Does Biotin Shampoo Actually Work?

We asked the experts.

Biotin has been a heralded ingredient in the beauty world for years now, especially when it comes to improving hair, nails, and skin. Typically, it's taken as an oral supplement with the intended goal of promoting hair growth and strengthening hair, but biotin in haircare, dubbed "biotin shampoos," have been making their way onto drugstore shelves as of late. Curious about whether biotin shampoos actually work, we reached out to a couple dermatologists for their hot takes.

What is biotin—and how can it benefit hair?

To understand what biotin shampoo is, we need to first take a look at biotin, specifically. Also known as vitamin B7, it plays a critical role in a handful of metabolic processes in our body.

"[In terms of hair], keratin is the major structural protein of hair and biotin plays an important role in keratin formation," notes Blair Murphy-Rose, M.D., a board-certified dermatologist at the Laser & Skin Surgery Center of New York. "Biotin deficiency is rare, but if you have a true biotin deficiency, then [oral] supplementation of biotin can help to improve hair symptoms."

In that sense, taking biotin with the rest of your vitamins can benefit you if (and only if) you're experiencing thinning hair and have a diagnosed deficiency. This could possibly support hair growth and strengthen your strands.

"There is no evidence, however, that biotin supplements, or any form of topical biotin for that matter, improves hair quality, growth and/or appearance in those with normal biotin levels," says Dr. Murphy-Rose.

Does biotin shampoo for hair growth work?

Instead of ingesting biotin via a yummy gummy or daily vitamin, biotin shampoo is infused with the vitamin and applied topically to your hair and scalp. From the data that's been collected so far, the answer to whether biotin shampoo works is… limited.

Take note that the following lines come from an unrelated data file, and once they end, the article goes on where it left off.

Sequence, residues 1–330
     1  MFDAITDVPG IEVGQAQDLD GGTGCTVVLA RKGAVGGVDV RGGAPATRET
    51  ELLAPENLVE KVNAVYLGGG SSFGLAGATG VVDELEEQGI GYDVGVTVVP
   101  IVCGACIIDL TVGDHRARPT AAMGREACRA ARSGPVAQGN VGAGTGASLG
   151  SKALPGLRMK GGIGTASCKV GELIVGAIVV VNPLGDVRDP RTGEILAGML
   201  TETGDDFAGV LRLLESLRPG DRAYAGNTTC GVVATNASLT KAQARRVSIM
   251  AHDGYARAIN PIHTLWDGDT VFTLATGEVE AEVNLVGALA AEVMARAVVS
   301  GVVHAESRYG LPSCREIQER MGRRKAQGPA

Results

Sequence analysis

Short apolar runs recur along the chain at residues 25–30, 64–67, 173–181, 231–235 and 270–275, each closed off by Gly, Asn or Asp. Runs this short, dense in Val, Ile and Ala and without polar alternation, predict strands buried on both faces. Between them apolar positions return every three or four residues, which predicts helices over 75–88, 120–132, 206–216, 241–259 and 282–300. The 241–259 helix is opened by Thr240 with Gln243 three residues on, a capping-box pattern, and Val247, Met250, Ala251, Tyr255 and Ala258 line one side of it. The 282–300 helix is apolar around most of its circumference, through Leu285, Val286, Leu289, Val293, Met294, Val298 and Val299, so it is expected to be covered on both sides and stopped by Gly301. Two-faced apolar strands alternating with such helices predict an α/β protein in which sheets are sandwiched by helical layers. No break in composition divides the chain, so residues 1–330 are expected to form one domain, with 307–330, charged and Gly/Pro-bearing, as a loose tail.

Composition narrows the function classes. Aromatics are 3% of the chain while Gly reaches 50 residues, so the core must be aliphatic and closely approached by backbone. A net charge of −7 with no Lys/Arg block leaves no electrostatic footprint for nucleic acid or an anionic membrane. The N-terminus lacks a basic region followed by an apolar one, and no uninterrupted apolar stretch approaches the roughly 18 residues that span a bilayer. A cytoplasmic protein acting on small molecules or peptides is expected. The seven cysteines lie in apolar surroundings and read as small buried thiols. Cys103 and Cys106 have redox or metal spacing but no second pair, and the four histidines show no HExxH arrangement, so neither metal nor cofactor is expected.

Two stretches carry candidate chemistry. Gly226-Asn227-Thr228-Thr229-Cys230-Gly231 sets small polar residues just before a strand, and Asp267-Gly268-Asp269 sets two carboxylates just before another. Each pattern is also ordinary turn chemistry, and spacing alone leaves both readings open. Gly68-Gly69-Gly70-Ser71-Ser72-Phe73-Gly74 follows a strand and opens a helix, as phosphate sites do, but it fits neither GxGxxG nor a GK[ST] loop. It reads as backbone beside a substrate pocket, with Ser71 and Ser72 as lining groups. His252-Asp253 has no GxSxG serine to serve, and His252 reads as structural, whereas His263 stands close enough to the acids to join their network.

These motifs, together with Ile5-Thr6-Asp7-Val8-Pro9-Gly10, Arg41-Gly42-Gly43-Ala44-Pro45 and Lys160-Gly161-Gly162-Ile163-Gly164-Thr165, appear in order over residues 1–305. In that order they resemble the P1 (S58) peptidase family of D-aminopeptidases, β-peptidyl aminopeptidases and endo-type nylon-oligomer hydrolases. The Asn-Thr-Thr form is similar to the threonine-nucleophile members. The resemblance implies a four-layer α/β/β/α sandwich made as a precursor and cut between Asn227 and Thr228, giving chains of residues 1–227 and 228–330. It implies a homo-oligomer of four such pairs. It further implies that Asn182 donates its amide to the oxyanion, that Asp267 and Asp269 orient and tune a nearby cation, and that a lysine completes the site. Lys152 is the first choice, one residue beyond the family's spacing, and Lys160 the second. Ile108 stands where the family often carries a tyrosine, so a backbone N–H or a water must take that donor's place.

"When applied topically, there is some evidence that biotin may strengthen existing strands and minimize splits and breakage," says Hadley King, M.D., a board-certified dermatologist based in New York City. "However, the formulas are already formulated for thin, fine hair, so they may promote fuller-looking hair with or without biotin's help."

Dr. Murphy-Rose concurs, adding that to-date there's scarce data that says biotin shampoos—"or any other form of topical biotin for that matter"—can improve hair quality, growth, or appearance.

It's also worth noting that these shampoos are left on the scalp only briefly and then rinsed away, so the skin probably won't have sufficient time to absorb the ingredients and work at a follicle level. That doesn't mean they're not worth using—they can make your already existing strands feel thicker and healthier (just don't expect any magical regrowth).

Is biotin shampoo safe everyday?

There is no reason you shouldn't use biotin shampoo or why you can't use it every day. However, if you don't have a particularly oily scalp, keep in mind that experts don't recommend daily hair-washing—regardless of shampoo type. Shampooing too often washes away your natural oils before they go anywhere, leaving your hair dry and leading to significant breakage.